Ladies, gentlemen, and those who are yet to make up your mind…
I saw the poster for this movie at a bus stop around the time it first came out and thought it looked like a pretty good comedy. The other night I finally got around to watching the DVD and just as I hit ‘play’ I suddenly got really nervous that I’d made a mistake and it was going to be some horribly draining, gritty comedy exploring the seedy underbelly of a small English town. So I guess the first thing I should say is don’t worry, it’s definately not that.
Straight away I should mention that I’m not a huge fan of drag queens, since generally they either scare me or look a helluva lot better in a dress and heels than I do. Lola, the main drag queen in this film, would definately fall into the latter category. Played by the radiant Chiwetel Ejiofor, (from 2012 and Love Actually), the male protagonist (Charlie) meets Lola when he’s drunk in London one night and seeing a damsel in distress he defends her from being hassled by a group of thugs. He is knocked out in the scuffle and wakes up in Lola’s dressing room at her cabaret club and watches her remove her boots. Back home, the old-school shoe factory he’s just inherited from his father is outdated and in danger of closing, and Charlie’s firing people left, right, and center. One spunky (ex)employee tells Charlie he needs to find his niche market and so of course Charlie remembers Lola struggling into and out of her extremely high boots. And the rest, as they say, is history. Charlie and his motley band of employees must make over 10 new styles of stiletto drag queen boots, designed by Lola, and have 6 samples of each one to show at the Milan runway show in 3 months.
Came all this way for my advice? I feel like Oprah!
When she’s performing Lola makes the whole thing look effortless and her confidence seems only natural when she sweeps into the Northhampton shoe factory. She cracks jokes, pretends to flirt with a worker and addresses the whole factory. Something I wasn’t expecting was for her to come into work wearing lipstick, a large sweater, jeans, and no wig. I guess I thought that drag queens pretend to be women… but of course for most drag queens I guess it’s about the performance, and no one can perform all the time.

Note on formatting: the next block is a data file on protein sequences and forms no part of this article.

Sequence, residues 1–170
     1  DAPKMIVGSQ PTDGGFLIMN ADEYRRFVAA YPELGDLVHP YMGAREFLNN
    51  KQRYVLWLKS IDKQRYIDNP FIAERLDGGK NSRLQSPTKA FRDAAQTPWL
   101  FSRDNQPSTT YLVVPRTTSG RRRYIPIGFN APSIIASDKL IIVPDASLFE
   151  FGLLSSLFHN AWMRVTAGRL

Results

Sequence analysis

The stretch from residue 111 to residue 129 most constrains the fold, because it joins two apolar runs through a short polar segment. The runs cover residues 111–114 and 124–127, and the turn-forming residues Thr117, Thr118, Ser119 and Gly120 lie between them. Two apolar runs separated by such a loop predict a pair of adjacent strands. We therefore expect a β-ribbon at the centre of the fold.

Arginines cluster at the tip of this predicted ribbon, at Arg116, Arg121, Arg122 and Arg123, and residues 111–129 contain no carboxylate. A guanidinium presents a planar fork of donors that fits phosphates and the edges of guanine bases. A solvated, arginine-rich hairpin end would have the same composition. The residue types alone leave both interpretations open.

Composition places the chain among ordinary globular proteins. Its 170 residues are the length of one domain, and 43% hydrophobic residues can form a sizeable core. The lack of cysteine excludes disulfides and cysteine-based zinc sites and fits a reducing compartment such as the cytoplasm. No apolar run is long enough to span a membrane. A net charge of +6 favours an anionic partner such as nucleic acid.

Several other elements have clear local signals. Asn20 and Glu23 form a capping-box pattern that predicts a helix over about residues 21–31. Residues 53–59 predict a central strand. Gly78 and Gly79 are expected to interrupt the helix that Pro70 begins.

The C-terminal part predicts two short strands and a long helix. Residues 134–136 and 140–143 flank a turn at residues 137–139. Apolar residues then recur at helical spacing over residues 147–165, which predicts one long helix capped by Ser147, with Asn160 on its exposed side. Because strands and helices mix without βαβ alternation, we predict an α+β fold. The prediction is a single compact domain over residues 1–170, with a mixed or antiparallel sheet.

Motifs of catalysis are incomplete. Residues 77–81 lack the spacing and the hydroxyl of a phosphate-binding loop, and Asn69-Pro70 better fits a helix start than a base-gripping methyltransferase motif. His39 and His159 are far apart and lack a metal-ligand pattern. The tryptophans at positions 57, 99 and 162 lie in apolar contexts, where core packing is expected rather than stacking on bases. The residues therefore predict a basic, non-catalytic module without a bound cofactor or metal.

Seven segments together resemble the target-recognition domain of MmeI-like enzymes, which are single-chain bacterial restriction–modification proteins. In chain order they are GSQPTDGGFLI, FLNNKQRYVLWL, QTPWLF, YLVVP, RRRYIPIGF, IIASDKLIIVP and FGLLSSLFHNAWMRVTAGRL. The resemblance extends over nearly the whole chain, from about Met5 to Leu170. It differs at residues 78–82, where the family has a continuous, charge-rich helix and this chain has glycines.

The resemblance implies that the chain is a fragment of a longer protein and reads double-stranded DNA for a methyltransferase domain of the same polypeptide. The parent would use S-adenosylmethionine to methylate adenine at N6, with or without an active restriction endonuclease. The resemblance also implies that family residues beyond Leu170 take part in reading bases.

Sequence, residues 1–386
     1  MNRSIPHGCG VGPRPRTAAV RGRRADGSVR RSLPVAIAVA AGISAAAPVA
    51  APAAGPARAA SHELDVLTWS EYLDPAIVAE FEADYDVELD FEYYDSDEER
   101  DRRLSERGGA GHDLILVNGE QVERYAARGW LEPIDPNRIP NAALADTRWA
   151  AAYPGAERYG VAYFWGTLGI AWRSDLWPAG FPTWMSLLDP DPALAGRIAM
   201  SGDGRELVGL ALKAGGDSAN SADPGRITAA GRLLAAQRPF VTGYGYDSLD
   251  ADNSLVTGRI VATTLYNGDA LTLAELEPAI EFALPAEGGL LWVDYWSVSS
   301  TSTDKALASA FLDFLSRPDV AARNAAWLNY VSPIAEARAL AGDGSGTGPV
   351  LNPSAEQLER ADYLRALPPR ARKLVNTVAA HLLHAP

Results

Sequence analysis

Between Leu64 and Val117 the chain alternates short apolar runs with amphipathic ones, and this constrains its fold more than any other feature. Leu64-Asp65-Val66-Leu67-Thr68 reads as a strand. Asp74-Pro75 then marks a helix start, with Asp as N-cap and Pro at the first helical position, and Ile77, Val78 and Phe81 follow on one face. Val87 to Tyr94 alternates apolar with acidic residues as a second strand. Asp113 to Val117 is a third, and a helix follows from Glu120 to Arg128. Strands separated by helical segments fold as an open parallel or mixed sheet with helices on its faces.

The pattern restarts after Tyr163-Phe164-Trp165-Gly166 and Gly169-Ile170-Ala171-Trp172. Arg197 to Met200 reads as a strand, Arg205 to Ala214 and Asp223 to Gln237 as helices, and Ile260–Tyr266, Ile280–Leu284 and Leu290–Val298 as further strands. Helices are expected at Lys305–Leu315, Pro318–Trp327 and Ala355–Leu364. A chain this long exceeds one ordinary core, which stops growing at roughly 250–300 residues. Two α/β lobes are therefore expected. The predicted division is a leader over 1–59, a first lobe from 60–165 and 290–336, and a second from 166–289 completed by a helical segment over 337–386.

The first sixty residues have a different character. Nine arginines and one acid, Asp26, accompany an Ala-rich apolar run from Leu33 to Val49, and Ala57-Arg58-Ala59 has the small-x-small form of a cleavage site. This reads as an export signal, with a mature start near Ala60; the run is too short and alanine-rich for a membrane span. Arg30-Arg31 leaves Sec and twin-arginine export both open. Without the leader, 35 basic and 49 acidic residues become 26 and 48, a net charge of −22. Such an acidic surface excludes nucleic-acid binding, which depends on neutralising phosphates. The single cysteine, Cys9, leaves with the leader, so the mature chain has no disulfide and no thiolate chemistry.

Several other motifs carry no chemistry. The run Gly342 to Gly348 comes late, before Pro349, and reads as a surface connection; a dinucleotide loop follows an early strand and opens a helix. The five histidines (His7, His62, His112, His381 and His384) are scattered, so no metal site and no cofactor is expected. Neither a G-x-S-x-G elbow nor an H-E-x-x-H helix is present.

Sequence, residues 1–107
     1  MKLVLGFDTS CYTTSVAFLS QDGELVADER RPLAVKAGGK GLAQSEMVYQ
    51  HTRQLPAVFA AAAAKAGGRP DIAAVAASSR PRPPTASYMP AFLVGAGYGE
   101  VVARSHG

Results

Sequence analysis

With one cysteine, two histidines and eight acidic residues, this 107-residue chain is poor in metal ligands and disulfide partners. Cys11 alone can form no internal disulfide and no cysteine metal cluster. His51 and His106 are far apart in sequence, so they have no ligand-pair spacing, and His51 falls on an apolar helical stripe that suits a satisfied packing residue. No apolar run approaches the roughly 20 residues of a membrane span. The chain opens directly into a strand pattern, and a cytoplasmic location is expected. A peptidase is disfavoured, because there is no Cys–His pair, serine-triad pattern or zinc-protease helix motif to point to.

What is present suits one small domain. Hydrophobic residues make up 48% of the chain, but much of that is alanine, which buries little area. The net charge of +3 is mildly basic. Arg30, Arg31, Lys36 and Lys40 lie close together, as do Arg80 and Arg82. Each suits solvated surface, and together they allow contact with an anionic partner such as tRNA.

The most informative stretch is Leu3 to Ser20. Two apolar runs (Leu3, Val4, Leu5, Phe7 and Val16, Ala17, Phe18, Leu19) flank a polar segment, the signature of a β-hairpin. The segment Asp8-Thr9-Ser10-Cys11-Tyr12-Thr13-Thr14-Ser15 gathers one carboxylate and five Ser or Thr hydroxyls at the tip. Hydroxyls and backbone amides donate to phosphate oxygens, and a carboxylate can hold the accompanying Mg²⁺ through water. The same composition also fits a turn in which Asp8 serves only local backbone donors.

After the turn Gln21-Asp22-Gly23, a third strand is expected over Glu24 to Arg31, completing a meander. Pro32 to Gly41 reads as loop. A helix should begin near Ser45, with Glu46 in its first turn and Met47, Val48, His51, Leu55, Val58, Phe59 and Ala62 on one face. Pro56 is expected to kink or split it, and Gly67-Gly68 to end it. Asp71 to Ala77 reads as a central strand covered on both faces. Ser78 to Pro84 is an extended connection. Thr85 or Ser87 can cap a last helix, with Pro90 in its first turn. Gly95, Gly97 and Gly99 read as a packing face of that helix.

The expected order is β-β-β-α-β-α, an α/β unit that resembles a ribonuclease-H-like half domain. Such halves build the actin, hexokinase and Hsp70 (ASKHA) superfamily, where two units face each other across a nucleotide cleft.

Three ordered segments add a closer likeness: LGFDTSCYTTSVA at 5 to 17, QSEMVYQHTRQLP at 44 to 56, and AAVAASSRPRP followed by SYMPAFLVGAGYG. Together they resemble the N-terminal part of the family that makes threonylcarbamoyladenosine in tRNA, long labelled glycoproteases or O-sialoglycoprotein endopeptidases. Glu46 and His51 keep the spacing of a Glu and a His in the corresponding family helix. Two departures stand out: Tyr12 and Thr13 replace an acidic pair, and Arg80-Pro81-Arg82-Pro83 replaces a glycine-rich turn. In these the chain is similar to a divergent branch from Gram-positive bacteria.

I thought the opening scene was lovely, a young girl in a school uniform waiting on a bench on the waterfront, then she guiltily pulls on some scarlet, strappy high heels and goes dancing and twirling over the boards of the pier. She loses herself until an angry old man raps on a window of a nearby building then comes out and says something like “come on, you stupid boy”. And you’re like “oh. She’s a boy.” Eventually Lola tells Charlie her tragic tale of how her father disowned her.
He wouldn’t talk to me. Even when he got lung cancer. So it’s ironic, really. Fags got him in the end.
Other than this brief teary moment the movie’s pretty much plain sailing. In fact it’s so… clean, it feels kind of naive in it’s approach to gender identity and the struggle of many transgender or crossdressing or whatever-ing people. But it’s a comedy, and it’s funny. In a gentle way.
Kinky boots is based on a true story, apparently, about a real shoe factory in English which “diversified” it’s range when facing job loses and possible closure. I did a quick search, but just found an X-rated site for fetish accessories, whose website is out of order. Darn, ay? But there’s no nastiness, no x-rated fetishes or sexual deviants in this movie. It’s light, fluffy comedy that takes it’s time (I felt the 2 hours) and like the poster said, it’s from the makers of Calendar Girls, which I really enjoyed, and I think the movies are comparable in pace and level of offensiveness. As long as you don’t mind dudes in dresses. I think it’s worth watching just for Chiwetel Ejiofor’s performance. Dude cracked me up. And it wasn’t like laughing at a guy in a dress, it was laughing with a person who has a really strong personality. And likes to wear boots.
Look to the heel, young man. The sex is in the heel.
Director: Julian Jarrold
Starring: Chiwetel Ejiofor, Joel Edgerton, Sarah-Jane Potts
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